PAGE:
The Zuma jail sentence

LAST week, the immediate former president of South Africa, Mr. Jacob Zuma, 79, was sent to jail by the country’s Constitutional Court for contempt. Mr. Zuma is to stay behind bars for the next 15 months, and there are still pending charges that he must face upon his return from prison. Mr Zuma’s current fate is of course not fortuitous: he has always been a  lawless and amoral leader. In April 2016, for instance, he was forced to apologise to South Africans after dragging the country through the tortuous route of what he himself referred to as “confusion and frustration” occasioned by his refusal to admit blame for diverting public funds to sponsor the upgrade of his country house to the tune of $15 million. And until South Africa’s highest court ordered him to refund the misappropriated money within 105 days, Zuma actually stonewalled.

As we warned at the time, it was doubtful that he could take his country any further than his predecessors, Mr. Nelson Mandela and Mr Thabo Mbeki, did. We noted that if the late Nelson Mandela, his incarceration for 27 years notwithstanding, could muster enough urbaneness to become a global leader and icon, it beggared belief that all the African National Congress (ANC) could offer down the succession line was Zuma,  a provincial thief who stole $15 million to upgrade his country house and then waited for the highest court in the land to alert him to his gross larceny. But all of that is history, and South Africa is currently in the throes of yet another looting spree and brigandage by Zuma’s supporters.

Arguably, it is a rare phenomenon in Africa for a former president to be disciplined by a government formed by members of his own party. It definitely is a strong statement from the South African establishment that the country is founded on strong institutions that are poised to deliver justice irrespective of whose ox is gored. Elsewhere on the continent, things are spectacularly different. Former presidents are usually venerated to the point of deification, until it becomes virtually impossible to rein them in even if they are as evil as sin and death, and the administrations they headed had the worst of impunities. In such circumstances, society is imperiled, doomed to stagnation if not retrogression.

We recall with indignation, the Oputa Panel of reconciliation set up in the early days of the Fourth Republic in this country, and to which several people who had a thing or two to do with previous administrations were summoned. Former leaders of the country shunned the panel. They would rather approach the courts for exparte injunctions than obey the panel. The panel was meant to deal with issues that had constituted angst and discomfort for the people during military rule, and it was difficult to fathom the leaders’ reluctance to put in an appearance even when the then president, Chief Olusegun Obasanjo, himself a former Head of State, honoured the panel’s summons. Such condescending attitudes towards public institutions only serve to weaken them. Individuals should not tower above the society, but that is precisely what happens in this clime where people are given unearned recognition, which tends to foul national processes and defeat national interest.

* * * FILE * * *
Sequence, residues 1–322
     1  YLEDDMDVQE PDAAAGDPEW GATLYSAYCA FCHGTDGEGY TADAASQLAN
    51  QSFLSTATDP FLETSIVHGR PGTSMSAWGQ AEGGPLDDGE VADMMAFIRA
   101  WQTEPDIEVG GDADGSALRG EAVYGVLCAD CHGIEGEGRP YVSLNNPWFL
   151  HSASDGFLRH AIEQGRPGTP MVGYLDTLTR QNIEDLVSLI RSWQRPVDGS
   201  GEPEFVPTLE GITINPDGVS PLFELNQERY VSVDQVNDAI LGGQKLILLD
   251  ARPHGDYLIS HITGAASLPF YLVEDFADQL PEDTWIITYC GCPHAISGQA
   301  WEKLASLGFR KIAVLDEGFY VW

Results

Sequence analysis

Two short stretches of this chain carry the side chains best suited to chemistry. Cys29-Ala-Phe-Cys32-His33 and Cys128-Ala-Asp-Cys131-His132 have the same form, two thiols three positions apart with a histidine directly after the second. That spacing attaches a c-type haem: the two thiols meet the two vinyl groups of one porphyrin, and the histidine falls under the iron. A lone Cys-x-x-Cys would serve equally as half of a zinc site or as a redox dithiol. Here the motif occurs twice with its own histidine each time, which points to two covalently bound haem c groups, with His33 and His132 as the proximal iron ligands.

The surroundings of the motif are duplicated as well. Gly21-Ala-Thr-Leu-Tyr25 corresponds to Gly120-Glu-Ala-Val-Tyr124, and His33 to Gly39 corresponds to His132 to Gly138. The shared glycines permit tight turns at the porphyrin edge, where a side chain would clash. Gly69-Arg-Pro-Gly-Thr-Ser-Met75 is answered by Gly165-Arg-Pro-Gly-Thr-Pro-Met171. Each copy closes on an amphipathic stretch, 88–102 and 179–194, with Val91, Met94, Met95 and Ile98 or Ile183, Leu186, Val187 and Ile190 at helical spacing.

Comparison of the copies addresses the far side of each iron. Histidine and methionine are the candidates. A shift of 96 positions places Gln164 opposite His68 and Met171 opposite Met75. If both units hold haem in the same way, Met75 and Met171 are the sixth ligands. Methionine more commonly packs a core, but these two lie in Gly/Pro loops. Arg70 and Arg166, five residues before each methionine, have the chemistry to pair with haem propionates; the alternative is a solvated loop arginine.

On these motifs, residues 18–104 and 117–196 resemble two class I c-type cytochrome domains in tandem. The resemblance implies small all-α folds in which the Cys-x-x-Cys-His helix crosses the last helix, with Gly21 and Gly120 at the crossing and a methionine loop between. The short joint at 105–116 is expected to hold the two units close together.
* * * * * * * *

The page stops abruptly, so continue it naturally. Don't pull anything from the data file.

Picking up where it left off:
One notorious feature of the African continent is the preponderance of weak social institutions. This has bred many conflicts. Other African countries certainly have a thing or two to learn from South Africa. Mr. Zuma tried to exert pressure on the system using familial and ethnic ties to swing the arm of justice, but he had to review his tactics when he saw that the judiciary meant to be taken seriously and was going to indulge no sacred cows. In fact, the jail where he is serving is located in his province. We hope that this serves as a deterrent to others who may have similar inclinations.

African societies have to evolve from the Hobbesian state of nature into the modern world with strong social institutions that are poised to deliver justice and equity to the people irrespective of their positions on the social ladder. Except this is done very fast, the continent will be filled with backwater countries whose citizens are marked down for discrimination by the rest of the world.


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